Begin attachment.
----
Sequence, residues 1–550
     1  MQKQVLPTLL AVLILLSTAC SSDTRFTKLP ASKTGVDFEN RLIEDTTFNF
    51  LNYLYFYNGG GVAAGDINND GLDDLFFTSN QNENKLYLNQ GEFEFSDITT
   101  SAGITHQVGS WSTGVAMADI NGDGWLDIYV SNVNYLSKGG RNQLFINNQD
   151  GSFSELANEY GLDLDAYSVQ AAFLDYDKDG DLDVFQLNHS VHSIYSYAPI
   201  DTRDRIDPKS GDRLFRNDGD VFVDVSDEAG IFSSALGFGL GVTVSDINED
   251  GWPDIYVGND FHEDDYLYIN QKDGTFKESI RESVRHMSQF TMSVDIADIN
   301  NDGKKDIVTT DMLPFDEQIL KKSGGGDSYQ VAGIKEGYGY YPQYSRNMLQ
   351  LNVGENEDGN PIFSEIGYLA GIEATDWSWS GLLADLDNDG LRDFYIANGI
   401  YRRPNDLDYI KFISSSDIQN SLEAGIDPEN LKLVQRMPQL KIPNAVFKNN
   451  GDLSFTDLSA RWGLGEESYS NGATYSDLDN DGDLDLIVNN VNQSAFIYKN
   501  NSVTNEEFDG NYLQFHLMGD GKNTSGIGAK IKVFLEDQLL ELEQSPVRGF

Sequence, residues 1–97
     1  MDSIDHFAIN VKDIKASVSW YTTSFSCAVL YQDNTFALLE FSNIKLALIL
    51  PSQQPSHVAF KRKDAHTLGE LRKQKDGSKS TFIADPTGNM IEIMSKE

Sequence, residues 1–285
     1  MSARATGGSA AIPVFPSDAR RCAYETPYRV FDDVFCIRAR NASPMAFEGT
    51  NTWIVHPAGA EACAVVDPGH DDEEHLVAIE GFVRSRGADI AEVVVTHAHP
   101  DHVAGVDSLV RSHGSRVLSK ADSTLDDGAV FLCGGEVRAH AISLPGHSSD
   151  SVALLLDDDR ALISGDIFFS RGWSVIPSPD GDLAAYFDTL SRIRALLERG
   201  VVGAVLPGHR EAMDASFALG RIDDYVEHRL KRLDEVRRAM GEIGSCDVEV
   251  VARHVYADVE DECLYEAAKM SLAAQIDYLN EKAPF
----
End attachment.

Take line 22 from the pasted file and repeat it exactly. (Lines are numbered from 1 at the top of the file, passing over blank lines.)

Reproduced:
   251  VARHVYADVE DECLYEAAKM SLAAQIDYLN EKAPF